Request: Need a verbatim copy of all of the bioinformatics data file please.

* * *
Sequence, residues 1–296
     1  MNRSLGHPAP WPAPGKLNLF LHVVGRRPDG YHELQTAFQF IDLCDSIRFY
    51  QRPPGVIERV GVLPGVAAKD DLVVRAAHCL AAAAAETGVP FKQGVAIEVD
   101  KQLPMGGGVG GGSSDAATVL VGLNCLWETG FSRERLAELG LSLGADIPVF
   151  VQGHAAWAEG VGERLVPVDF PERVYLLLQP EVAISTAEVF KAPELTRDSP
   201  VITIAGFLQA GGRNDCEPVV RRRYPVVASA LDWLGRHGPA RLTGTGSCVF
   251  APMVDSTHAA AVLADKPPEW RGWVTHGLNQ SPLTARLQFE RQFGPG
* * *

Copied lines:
Sequence, residues 1–296
     1  MNRSLGHPAP WPAPGKLNLF LHVVGRRPDG YHELQTAFQF IDLCDSIRFY
    51  QRPPGVIERV GVLPGVAAKD DLVVRAAHCL AAAAAETGVP FKQGVAIEVD
   101  KQLPMGGGVG GGSSDAATVL VGLNCLWETG FSRERLAELG LSLGADIPVF
   151  VQGHAAWAEG VGERLVPVDF PERVYLLLQP EVAISTAEVF KAPELTRDSP
   201  VITIAGFLQA GGRNDCEPVV RRRYPVVASA LDWLGRHGPA RLTGTGSCVF
   251  APMVDSTHAA AVLADKPPEW RGWVTHGLNQ SPLTARLQFE RQFGPG